Interview with Peter Shinkoda

Peter Shinkoda is currently appearing the “Mortal Kombat: Legacy” playing the character Sektor. Peter is also part of the ensemble cast of this summer’s highly anticipated “Falling Skies” on TNT. Movie Mikes had a chance to chat with Peter about his roles in both projects and also what he has planned next.

Mike Gencarelli: How did you get involved with the series “Fallen Skies”?
Peter Shinkoda: I went through the usual channels after hearing about the part fairly late in the game. A very long audition process had already been held and at the last minute I locked down the job. I guess there were a few other actors that had been considered for the job as well but casting saw my audition tape and gave me a contract.

MG: Can you tell us about your role on the show?
PS: I play Dai who is like a lot of the characters on the show. He is a civilian turned resistance fighter fighting against the invading alien forces. Dai is often seen with Noah Wyle’s character, Tom Mason, who is History professor turned resistance leader. My character is his most trusted confidant and friend he is also the most effective fighter in the unit.

MG: How was it working with Noah Wyle and the rest of the cast?
PS: It was a complete pleasure. There wasn’t one minute where I did not like being on set. Working with Noah was an incredible experience and I hope it will be on going. As a person, he is very generous and sweet and probably one of the most intelligent people I have ever met. Craft wise, I am constantly in awe of his professionalism and how easy he makes acting look. Noah is just an all around great guy on and off camera.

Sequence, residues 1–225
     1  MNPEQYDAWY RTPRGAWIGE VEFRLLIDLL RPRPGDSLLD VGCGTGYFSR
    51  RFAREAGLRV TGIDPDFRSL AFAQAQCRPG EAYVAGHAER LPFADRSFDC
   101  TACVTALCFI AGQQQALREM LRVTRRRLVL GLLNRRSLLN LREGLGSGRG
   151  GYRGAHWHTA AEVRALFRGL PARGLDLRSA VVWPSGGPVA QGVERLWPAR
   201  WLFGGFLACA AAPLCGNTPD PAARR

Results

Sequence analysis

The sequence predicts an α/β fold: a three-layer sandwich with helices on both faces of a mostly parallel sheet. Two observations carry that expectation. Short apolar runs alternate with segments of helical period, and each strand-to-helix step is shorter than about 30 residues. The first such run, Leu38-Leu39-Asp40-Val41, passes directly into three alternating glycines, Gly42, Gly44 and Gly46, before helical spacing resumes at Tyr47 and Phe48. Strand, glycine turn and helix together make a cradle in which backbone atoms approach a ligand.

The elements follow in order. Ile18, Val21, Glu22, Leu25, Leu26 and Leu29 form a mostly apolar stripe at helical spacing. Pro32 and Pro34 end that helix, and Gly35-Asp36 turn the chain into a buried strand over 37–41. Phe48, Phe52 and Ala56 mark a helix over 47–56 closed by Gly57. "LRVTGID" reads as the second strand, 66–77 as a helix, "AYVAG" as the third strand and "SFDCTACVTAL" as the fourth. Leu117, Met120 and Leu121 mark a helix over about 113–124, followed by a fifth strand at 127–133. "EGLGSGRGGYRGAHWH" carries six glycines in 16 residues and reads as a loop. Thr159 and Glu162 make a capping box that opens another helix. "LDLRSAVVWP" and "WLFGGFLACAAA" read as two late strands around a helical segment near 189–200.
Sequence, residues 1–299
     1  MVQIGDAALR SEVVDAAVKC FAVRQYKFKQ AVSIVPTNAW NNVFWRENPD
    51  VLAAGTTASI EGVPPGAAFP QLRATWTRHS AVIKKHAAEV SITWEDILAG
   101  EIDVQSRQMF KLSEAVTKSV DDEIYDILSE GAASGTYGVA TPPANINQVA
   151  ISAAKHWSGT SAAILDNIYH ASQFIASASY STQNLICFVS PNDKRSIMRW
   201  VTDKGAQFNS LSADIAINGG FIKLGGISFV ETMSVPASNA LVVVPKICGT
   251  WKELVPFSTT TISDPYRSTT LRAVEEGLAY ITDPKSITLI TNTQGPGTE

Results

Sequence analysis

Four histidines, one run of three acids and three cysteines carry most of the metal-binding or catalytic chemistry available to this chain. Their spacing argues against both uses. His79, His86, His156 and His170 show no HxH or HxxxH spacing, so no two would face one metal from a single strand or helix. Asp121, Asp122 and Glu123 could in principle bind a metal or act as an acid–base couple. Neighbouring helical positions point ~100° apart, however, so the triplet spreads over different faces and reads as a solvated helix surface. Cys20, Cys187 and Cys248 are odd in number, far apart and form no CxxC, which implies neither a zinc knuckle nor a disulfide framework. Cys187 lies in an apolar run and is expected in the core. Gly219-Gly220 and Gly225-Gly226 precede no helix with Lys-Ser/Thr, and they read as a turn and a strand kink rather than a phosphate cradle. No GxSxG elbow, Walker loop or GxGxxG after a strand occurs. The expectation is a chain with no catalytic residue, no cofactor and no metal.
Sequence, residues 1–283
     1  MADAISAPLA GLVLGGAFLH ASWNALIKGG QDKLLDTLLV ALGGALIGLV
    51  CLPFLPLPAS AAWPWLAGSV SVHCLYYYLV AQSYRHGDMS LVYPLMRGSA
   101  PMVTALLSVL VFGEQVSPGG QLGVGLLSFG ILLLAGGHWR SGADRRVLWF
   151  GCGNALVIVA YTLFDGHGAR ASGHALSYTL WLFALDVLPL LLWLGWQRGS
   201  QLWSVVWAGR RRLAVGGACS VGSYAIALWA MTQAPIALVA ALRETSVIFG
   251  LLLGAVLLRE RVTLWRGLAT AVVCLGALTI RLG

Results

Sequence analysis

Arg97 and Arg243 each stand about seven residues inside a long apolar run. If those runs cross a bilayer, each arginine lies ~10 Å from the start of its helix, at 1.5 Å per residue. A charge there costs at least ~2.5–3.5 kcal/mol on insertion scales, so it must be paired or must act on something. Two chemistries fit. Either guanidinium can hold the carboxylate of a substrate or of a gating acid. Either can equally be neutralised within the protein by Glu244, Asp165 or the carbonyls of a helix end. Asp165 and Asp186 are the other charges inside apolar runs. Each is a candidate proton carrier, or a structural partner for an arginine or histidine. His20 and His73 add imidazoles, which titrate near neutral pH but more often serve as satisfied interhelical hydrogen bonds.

MG: Did you get a chance to meet Steven Spielberg during production?
PS: I did! He made it to location a few times when we were shooting in Canada. The fortunate actors got to be directed and overseen by him while he was there which was really great. Even when he wasn’t there his input was being received via Skype or telephone. I was actually able to meet him one other time at Dreamworks when we did a screening of the pilot and it was really cool because we got to watch the show with him. That was an incredible pleasure.

MG: How do you feel this show differs from other sci-fi alien shows that are on television?
PS: I think a majority of the films out now dealing with similar subject matter start from the same point. A typical all American town is attacked by aliens and decimated and a military response follows. In the case of “Fallen Skies” the attack has already happened and we see the response from a civilian’s point of view and how they are dealing with being over powered.

MG: How did you become involved with “Mortal Kombat: Legacy”?
PS: Just like any other guy who is surfing the net looking for interesting content related to sci-fi and gaming. I saw some news clips about this “Mortal Kombat” thing that was going viral. I went and checked it out for myself and was blown away! It was so brilliant I almost fell out of my chair. It was just so dark. I watched it a bunch of times and then left it alone for a bit. Every once in awhile I would hear little bits about it trying to be developed. Early February I read an article that Warner Bros had green lit the project. I immediately called my agents who still hadn’t heard anything about the project and then in just 24hrs later the info for casting came out. Fortunately I was friends with one of the casting director Tiffany Mack. So between Tiffany and my agents I was able to get a meeting with the Kevin Tancharoen. We met at the studio and had a conversation about the direction they wanted to take “Mortal Kombat” and a few days later I got an offer to play Sektor.

MG: Were you familiar with the character prior to being cast?
PS: Yes. I was familiar with the core characters from the game and movies. I had seen Sektor however I didn’t know much about his back story.  I don’t think anybody really did other than he is a cyborg ninja. I think he is one of the more interesting characters and plus Sektor has some really cool weapons.

MG: How do you feel doing a web series differs from a television project?
PS: Production wise and shooting on location is all the same. The big difference is in the speed of which things are shot. Television works quite fast and this being my first web series I found this shoots even faster than television. The idea is to get as much production value in the can and to the screen as possible.

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